Exposed metal surfaces of pipes in contact with plug 104 are preferably cleaned or sanded so as to form an adherent surface. The material of plug may be polyurethane. The plug may be formed from a liquid that is placed in the annulus as the pipeline is being laid. Flowmax 6000, sold by Flowtech Corp. of Houston, Tex. is one such polyurethane that functions in this application. Plug 104 then provides mechanical support for adjacent impermeable seals 106 and 108. If outer pipe 32 were breached on either side of water stop 102, sea water would push against one of the impermeable seals 106 and 108. Impermeable seal 106 or 108 would in turn push against plug 104, which is mechanically held in place by its attachment to the piping walls or by ridges that may be provided on the pipe wall. The seals are energized by pushing against the plug under pressure. Plugs may be of any reasonable length, for example, between 1.5 and 3 feet. The preferred length of plug 104 depends on the outside water pressure at the operating depth of the pipeline. The higher the external pressure, the more support that impermeable seals 106 and 108 will require in case of a breach of outer pipe 32 or other failure. Plug 104 may also perform as a thermal insulator.
Because plug 104 should adhere to the outer surface of inner pipe 34, insulating sleeve 62 and solid skin 64 are removed from inner pipe 34 along the length of plug 104. Removal of sleeve 62 should be minimized to maximize thermal and electrical integrity. For example, in the embodiment shown in FIG. 3, which is designed to operate at sea water pressures near 1500 psi, 5 feet of insulating sleeve 62 are removed to accommodate a 2-ft plug. During installation, care should be taken to avoid contamination by lubricants or other substances of pipe surfaces that will be in contact with plug 104. These substances may prevent plug 104 from properly adhering to pipe surfaces.
Where plug 104 is made of polyurethane, the adhesion of plug 104 to pipe surfaces may be improved by the presence of an adherent coating, such as a fusion bonded epoxy, on pipe surfaces that will be in contact with plug 104. Improved bonding may result during plug 104 installation with fusion bonded epoxy on pipe surfaces because the epoxy may chemically react with polyurethane during cure of the polyurethane.
Seals 106 and 108, placed against the ends of plug 104, may be sized such that they form a tight fit in annulus 36. To yield a tight fit, seals 106 and 108 may be slightly larger, for instance, 1.5 to 2% larger, than the maximum width of annulus 36. Seals 106 and 108 may be made of rubber. Rubbers with a durometer of 40 to 65 are preferred as a material of construction. In addition, a rubber which is not susceptible to charring is preferred so that electrical arcs will not char the seal and self-propagate. Silicone-based rubbers are suitable. In one embodiment, second seal 108 is formed using a poured-in-place elastomer. An acceptable material is SYLGARD, a product of Dow Corning. In a preferred embodiment, rubber seals with no parting lines (from a mold) on seal surfaces are used. Silicone grease or similar materials may also be applied to the surface of inner pipe 34 where impermeable seals 106 and 108 are installed, to prevent the seals from rolling during installation.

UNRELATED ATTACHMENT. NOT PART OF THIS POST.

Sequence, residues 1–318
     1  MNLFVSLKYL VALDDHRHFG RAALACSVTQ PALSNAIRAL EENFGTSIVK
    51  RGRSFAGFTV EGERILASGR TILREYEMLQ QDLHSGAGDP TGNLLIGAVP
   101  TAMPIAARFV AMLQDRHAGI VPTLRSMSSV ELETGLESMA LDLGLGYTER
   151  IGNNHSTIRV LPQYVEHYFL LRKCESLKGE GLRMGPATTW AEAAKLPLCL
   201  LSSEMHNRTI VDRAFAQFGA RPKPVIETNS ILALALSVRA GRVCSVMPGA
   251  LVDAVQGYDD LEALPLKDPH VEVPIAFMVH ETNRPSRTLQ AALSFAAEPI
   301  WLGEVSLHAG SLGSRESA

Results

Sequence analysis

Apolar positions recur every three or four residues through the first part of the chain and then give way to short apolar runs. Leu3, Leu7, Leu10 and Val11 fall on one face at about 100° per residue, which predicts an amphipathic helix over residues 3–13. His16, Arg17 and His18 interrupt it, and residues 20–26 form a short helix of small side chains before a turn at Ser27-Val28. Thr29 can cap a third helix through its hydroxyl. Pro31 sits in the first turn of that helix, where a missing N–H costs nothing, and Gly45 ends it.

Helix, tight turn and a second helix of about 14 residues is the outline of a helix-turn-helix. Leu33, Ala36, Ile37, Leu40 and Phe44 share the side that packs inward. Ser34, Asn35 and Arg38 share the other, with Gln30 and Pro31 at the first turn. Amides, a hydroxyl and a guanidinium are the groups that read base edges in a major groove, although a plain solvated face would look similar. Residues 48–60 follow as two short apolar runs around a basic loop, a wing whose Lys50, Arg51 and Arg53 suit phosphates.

The geometry of the seals is designed to facilitate installation without rolling or abrading while maintaining functionality. The cross-section of a seal has square corners and straight sides that extend about 15-30% of the dimensions in the radial and longitudinal direction. The inner/outer surface curves inward with a first radius to a central seal web. The width of the central seal web is nominally set at between 50% and 75% of the width of the minimum annular gap. The upper/lower surface may have a larger radius. The inner and outer diameters of the seal are set to provide seal integrity for maximum pipe annular distance. Tolerances in the nominal pipe diameter, wall thickness, and variations in ovality are considered. The exact width is experimentally determined during installation testing, to account for influences from the seal material and the pipe surface conditions. The radii on the upper and lower component surfaces are designed with a shallow cup to provide pressure actuation by forcing the seal faces outward against the pipe walls during axial compression by seawater at seafloor pressure that has leaked in due to a breach in the outer pipe. If required, relief cuts may be provided for the upper/lower and inner/outer surfaces. The upper/lower relief cuts facilitate radial compression of the seal during installation and provide enhanced pressure actuation under leakage conditions. The inner/outer side surface relief cuts are used to facilitate radial compression during installation.